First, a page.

The recent contacts between Russian government – and other neighboring states of Afghanistan – and the Afghan Taliban are infuriating for Trump Administration. The latter considers these contacts with Taliban as a direct interference in the Afghanistan affairs. American analysts professed the Moscow Afghanistan peace initiative as President Putin’s smart tactic to increase Russians influence in the region. Hence, the Trump Administration declined the Russian invitation to participate in the multinational meeting scheduled on April 14, 2016. The absence of the United States in the meeting obviously reflects the divergence of opinion of the Great Powers over the peace process in Afghanistan.
Pakistan’s Participation and Efforts
Islamabad’s earnest desire is to abolish terrorist sanctuaries located in Afghanistan. Without erasing these sanctuaries, Pakistani law enforcement agencies can not completely annihilate Tehrik-i-Taliban Pakistan. Therefore, it sincerely participated in the quadrilateral dialogue process.
The forthcoming Moscow multilateral meeting is the outcome of the Russian, Chinese, and Pakistani officials’ efforts.
Unfortunately, President Ghani’s flippant attitude resulted in increasing mistrust between Kabul and Islamabad. Instead of realizing and mending his own government’s shortcomings, he blamed Pakistan. Consequently, the quadrilateral dialogue process was shelved without any tangible outcome.
Presently, Islamabad is supporting Russia’s Afghanistan peace initiative. It participated in the three trilateral meetings that were held for deliberation during the recent months. Indeed, the forthcoming Moscow multilateral meeting is the outcome of the Russian, Chinese, and Pakistani officials’ efforts.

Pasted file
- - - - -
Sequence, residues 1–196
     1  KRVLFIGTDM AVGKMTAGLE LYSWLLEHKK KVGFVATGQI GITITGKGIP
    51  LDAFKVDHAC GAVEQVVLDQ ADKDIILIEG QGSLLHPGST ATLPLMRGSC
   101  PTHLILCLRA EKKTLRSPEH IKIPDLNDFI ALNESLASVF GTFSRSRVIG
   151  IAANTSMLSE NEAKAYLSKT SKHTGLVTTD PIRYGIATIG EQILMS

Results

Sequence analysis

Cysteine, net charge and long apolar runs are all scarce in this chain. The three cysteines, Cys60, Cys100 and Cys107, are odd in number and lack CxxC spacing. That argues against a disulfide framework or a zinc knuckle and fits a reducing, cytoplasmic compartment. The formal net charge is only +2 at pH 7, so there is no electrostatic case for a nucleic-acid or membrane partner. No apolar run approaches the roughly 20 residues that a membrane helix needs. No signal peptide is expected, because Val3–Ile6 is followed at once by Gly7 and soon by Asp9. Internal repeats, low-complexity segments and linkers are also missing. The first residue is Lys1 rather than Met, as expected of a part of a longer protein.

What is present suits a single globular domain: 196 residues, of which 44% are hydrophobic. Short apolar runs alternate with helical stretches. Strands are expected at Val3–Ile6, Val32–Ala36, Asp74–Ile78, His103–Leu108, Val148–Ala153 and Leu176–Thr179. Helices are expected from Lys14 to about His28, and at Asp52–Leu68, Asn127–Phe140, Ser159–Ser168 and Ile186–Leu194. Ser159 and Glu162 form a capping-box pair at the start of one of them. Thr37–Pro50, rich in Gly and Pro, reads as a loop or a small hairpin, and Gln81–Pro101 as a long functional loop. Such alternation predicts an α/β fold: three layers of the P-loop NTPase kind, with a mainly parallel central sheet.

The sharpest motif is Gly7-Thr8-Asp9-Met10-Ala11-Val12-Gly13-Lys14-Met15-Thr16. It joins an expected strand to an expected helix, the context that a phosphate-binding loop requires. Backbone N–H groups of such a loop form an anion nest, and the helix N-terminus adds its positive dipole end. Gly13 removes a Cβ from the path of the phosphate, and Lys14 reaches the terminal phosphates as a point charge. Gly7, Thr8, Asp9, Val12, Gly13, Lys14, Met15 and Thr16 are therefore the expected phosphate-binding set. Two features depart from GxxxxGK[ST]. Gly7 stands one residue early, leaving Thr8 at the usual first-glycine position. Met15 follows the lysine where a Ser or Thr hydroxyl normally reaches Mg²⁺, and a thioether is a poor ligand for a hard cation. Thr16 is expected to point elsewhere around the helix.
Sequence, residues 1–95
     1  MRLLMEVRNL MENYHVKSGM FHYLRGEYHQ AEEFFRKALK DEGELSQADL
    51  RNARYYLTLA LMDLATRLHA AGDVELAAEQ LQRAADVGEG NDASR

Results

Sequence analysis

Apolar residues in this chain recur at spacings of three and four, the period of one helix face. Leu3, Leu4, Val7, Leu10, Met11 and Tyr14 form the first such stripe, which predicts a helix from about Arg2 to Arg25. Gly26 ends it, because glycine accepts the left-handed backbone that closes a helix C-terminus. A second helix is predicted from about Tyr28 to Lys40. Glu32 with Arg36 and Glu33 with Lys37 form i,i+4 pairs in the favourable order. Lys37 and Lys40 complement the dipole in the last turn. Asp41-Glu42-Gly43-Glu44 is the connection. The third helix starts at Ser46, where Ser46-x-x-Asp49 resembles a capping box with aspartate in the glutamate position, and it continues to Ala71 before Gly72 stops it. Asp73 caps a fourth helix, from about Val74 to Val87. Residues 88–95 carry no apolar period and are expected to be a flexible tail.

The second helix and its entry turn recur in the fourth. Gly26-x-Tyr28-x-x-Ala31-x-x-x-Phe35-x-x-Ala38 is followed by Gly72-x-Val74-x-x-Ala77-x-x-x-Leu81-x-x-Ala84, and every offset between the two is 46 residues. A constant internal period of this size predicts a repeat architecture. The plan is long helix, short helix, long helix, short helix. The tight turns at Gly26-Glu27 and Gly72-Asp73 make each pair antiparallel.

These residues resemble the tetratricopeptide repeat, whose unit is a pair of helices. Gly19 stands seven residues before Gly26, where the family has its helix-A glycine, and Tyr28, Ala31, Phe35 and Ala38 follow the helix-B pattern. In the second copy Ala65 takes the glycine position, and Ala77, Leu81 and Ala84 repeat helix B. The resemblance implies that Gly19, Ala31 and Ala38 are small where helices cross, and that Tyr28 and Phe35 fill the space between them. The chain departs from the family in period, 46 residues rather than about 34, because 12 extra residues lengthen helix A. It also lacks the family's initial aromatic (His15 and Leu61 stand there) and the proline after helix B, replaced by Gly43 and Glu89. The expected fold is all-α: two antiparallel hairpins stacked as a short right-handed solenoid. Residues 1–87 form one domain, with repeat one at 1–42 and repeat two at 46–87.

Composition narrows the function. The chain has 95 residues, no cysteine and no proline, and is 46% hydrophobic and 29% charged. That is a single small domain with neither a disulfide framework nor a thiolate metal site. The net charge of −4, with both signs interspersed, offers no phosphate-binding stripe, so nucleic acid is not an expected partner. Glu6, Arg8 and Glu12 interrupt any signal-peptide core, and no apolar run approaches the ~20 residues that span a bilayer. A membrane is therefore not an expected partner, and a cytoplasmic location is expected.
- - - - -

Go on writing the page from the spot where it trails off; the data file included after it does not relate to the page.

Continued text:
Without a direct dialogue between the Afghan Unity Government and Afghan Taliban, the peace in Afghanistan will only be a mere optimistic fantasy.
Afghan Taliban leadership was also approached to participate, unconditionally, in the peace talks with the Afghan government. Afghan Taliban, however, expressed their disinclination in participating in a meeting in which Afghan Unity Government representatives would be partaking in peace negotiations. The absence of Afghan Taliban in the multinational peace conference certainly casts a shadow over the Moscow Afghanistan peace initiative.
To conclude, the forthcoming Moscow multinational meeting is a timely regional peace initiative to end the 16-year devastating war in Afghanistan. Nonetheless, without a direct dialogue between the Afghan Unity Government and Afghan Taliban, the peace in Afghanistan will only be a mere optimistic fantasy.
Dr. Zafar Nawaz Jaspal is an Associate Professor, School of Politics and International Relations, Quaid-i-Azam University, Islamabad. He is also an advisor on Non-Proliferation to SASSI, London and a course coordinator at Foreign Services Academy for the Pakistan Ministry of Foreign Affairs. This piece was first published in Pakistan Observer. It has been reprinted with permission. The views expressed in this article are the author’s own and do not necessarily reflect Global Village Space’s editorial policy.